There is perhaps no person in the 20th Century who was more influential in raising the benchmark for our quality of life in cities than Jane Jacobs, who died on April 25, 2006 at 89.
Jacobs’ defining book, Death and Life of Great American Cities may have been written in 1961, but it still serves as a must-read and reference guide for contemporary urban planning.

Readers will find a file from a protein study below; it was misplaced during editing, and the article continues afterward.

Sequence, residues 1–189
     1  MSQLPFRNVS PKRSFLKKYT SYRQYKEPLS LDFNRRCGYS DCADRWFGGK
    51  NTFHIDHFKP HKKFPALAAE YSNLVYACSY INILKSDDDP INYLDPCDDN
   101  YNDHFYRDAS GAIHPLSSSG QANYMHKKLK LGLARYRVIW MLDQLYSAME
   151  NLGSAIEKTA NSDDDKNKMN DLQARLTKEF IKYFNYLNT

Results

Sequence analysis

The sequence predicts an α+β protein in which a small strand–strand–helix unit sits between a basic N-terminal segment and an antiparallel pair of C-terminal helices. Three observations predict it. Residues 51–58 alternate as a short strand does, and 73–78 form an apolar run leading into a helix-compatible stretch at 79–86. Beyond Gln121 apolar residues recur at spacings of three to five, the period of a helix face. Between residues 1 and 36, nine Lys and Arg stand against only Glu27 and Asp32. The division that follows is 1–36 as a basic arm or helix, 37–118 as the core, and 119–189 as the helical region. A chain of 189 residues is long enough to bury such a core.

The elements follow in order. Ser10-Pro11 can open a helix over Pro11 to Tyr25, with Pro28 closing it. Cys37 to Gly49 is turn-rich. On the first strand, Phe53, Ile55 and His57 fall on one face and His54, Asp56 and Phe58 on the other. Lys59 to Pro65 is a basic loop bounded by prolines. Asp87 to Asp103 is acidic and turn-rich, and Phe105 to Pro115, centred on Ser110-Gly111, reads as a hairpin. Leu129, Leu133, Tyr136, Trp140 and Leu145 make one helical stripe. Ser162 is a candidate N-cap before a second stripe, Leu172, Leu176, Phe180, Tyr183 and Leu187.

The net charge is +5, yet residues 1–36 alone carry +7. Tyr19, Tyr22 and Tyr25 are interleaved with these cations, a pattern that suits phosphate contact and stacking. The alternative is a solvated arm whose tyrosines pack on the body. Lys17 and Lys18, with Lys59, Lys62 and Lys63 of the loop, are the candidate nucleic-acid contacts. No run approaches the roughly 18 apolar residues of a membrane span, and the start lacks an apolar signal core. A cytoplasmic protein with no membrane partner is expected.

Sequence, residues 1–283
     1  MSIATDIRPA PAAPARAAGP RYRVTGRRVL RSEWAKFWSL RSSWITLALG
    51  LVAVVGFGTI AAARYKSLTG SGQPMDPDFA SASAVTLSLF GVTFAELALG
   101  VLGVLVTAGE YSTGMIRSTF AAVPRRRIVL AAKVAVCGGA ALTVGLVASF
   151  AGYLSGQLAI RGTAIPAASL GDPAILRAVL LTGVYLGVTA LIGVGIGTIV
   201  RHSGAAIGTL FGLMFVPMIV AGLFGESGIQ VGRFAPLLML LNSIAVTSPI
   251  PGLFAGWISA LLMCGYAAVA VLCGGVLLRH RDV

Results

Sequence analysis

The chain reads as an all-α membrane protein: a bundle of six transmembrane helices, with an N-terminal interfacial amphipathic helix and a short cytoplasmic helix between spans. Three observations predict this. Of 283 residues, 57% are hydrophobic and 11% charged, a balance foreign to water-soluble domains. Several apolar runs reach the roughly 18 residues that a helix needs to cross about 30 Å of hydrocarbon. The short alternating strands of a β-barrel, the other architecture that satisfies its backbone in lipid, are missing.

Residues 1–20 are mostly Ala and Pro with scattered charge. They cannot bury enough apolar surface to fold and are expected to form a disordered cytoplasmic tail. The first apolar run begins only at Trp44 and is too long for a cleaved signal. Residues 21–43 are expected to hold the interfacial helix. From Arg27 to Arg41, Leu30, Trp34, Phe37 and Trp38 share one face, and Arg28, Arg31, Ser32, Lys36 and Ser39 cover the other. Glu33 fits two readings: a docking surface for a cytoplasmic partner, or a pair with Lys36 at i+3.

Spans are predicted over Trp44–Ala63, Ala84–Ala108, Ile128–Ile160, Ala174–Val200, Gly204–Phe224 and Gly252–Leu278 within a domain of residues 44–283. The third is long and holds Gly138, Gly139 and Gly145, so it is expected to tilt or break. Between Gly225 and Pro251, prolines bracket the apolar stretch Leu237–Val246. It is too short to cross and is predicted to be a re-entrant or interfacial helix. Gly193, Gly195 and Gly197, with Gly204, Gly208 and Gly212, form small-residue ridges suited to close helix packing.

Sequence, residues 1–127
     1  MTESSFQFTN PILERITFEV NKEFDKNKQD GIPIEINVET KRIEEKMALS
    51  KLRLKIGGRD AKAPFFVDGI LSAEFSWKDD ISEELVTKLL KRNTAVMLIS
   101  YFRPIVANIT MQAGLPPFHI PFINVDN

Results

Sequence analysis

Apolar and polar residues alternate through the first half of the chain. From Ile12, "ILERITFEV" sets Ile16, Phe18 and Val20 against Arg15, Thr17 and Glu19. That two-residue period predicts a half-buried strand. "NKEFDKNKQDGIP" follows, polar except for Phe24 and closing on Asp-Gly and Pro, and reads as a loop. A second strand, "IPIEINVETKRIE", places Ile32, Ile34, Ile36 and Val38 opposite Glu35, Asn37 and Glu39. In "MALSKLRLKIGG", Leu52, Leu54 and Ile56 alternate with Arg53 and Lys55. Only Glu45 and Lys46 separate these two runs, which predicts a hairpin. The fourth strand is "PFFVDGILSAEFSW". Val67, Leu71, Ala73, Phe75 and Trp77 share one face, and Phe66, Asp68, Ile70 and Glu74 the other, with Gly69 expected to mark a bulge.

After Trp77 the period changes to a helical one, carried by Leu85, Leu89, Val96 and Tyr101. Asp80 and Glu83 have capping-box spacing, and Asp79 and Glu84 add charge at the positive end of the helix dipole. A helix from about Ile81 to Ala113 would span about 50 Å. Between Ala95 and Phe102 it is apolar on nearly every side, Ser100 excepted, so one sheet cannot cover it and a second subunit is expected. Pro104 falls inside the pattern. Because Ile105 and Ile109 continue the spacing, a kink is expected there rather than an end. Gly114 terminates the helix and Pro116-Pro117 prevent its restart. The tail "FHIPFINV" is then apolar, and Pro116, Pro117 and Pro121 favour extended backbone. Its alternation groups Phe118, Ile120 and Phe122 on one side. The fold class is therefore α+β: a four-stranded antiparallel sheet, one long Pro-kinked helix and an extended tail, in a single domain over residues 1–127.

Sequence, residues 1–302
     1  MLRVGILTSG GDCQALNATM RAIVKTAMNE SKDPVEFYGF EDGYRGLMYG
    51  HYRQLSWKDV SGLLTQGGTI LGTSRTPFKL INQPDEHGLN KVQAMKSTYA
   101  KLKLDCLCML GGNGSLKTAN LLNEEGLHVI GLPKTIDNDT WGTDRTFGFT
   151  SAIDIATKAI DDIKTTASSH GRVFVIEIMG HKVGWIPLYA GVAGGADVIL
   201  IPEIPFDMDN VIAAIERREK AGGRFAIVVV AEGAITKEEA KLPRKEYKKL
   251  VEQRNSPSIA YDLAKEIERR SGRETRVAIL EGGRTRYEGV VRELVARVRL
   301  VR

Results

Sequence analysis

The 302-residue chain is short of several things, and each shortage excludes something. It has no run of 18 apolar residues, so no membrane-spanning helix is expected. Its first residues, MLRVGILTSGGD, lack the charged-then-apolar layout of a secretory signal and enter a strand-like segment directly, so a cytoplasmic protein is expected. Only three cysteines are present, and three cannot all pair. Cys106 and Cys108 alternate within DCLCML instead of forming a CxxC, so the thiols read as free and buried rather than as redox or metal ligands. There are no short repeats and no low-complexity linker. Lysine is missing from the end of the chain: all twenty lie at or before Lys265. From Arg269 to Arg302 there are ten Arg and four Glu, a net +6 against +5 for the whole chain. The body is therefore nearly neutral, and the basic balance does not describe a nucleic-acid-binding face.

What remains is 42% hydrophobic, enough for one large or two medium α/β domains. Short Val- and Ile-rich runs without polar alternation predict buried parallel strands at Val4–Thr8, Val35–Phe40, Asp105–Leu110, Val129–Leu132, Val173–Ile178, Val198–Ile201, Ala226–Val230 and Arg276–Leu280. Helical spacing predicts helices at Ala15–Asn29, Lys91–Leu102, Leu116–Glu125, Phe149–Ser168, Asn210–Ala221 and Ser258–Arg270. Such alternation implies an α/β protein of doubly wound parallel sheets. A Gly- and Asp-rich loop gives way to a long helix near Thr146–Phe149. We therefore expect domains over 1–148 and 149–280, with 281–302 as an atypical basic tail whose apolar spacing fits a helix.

Ms. Jacobs’ importance was recognized here a couple of years ago in the entry, Every town needs a Jane Jacobs.
I saw her speak at the National Building Museum, Washington DC, and I’ll always remember her response to the question of what can we do to implement wholesale change to improve our quality of life in cities and towns. Her reply was that it’s not up to the current generation in charge, but the next.
Jane lives on here.